Home News Ryan Murphy Dahmer Series: Exploring Racism and Homophobia Through White Privilege

Ryan Murphy Dahmer Series: Exploring Racism and Homophobia Through White Privilege


Ryan Murphy Defends Dahmer: He asks in a New York Times profile, where he discusses his back-to-back hits ‘Dahmer — Monster’ and ‘The Watcher’ and insists that Netflix not remove its LGBTQ tag for either film.

Murphy’s serial killer thriller series about Jeffrey Dahmer has become his biggest success to date, boasting impressive streaming numbers since its Sept. 21 release and poised to surpass 1 billion hours streamed over Halloween weekend according to Murphy and Ian Brennan’s next limited series The Watcher (starring Naomi Watts and Bobby Cannavale), which premieres Oct. 13.

But Dahmer — Monster has also faced backlash from victims’ families, some of whom accused Netflix and production of never reaching out to them. Critics have accused Netflix and production of exploiting trauma with a focus on Dahmer’s horrific behavior. Murphy previously stated that he and his team reached out to over 20 families and friends during three and a half years of research – yet “not one person responded” during that process.

As Murphy explained to Maureen Dowd for her profile that was published over the weekend, he took on Dahmer’s case to shed light on racism and homophobia that were at play – “it was the biggest thing I’d ever seen that really examined how easy it is to get away with things due to white privilege aspects.”

“What are the rules now? Should we never make a movie about a tyrant?” she queried.

He expressed his displeasure with the streamer’s decision to remove its LGBTQ tag after some viewers voiced their opposition.

“I don’t believe all gay stories need to be happy ones,” he said. “For instance, when Netflix took away Dahmer’s LGBTQ tag a while back, I wasn’t satisfied; however, when asked why, they said because people had expressed distress over its upsetting content. At that moment I thought, ‘Well, yeah.’ However, this story involved both a gay man and his victims.”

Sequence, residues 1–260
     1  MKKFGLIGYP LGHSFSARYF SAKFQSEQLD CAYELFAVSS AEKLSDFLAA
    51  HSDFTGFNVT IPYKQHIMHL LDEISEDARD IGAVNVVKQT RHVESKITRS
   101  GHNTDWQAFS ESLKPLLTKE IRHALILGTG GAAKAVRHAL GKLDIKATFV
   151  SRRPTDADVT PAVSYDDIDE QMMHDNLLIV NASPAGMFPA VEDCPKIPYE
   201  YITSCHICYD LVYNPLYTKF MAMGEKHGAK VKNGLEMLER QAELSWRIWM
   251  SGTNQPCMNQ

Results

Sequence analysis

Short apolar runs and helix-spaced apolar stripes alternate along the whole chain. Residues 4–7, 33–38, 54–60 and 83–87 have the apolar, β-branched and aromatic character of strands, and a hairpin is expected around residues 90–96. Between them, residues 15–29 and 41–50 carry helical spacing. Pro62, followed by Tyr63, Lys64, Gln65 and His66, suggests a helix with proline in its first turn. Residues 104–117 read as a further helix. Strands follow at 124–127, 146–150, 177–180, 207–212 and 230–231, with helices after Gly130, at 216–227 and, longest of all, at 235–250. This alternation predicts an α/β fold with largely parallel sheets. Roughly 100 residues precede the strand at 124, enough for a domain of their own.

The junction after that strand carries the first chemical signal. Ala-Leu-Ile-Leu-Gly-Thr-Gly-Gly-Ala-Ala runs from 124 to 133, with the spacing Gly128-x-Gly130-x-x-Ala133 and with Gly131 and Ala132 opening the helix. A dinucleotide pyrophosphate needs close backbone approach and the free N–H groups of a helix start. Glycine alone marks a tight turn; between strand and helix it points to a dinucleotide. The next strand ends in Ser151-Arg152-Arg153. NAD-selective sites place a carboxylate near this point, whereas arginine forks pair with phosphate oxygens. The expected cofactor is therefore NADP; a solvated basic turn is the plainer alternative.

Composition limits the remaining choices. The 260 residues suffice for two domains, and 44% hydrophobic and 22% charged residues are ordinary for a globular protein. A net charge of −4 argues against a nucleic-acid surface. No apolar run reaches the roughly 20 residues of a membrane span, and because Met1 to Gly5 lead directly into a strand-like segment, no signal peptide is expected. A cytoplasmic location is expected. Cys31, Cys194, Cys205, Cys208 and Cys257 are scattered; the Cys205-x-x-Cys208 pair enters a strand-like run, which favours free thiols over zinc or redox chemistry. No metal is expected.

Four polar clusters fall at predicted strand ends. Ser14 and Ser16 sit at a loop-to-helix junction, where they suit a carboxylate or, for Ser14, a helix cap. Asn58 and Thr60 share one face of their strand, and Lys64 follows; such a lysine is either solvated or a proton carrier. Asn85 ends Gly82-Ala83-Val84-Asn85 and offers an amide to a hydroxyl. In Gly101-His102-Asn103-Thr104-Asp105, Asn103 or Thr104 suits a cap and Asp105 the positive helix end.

He highlighted the sixth episode (“Silenced”), written by David McMillan and Janet Mock and directed by Paris Barclay, which focused on Dahmer victim Tony Hughes – a Black deaf man – as one of his proudest hours: “There’s this five-minute scene with three gay deaf men at a pizza parlor talking in sign language about dating, gay life and how hard it can be for them…I couldn’t believe I was getting to put it on television!” Shirley Hughes (mother of Tony Hughes) said this series dramatized her son’s story perfectly.

In his piece, Murphy makes no indication of his plans when his contract with Netflix ends in five months. Will he remain at Netflix, where his Dahmer film has become the second-biggest hit in their history, or return to FX and parent company Disney?

Ted Sarandos, Netflix co-CEO, told Dowd that he brought Murphy on for the $300 million producing deal initially because there are “very few people capable of doing what he ultimately achieved at Netflix,” with Dahmer now becoming a global success.

“Everyone knew about Versace. Everyone knew about O.J.,” Sarandos remarked about Murphy’s American Crime Story hits for FX. “And everyone knows Jeffrey Dahmer,” he continued, noting how these stories that are so familiar can be made completely fresh with Dahmer’s art.

Sarandos commented on Netflix’s “tumultuous initial run” with The Politician, Hollywood and The Prom: “I don’t believe anyone – not just Ryan nor anyone else – could reach those levels without having some missteps along the way while they figure out ‘How do I adapt my storytelling for this platform and connect it with this audience?'”

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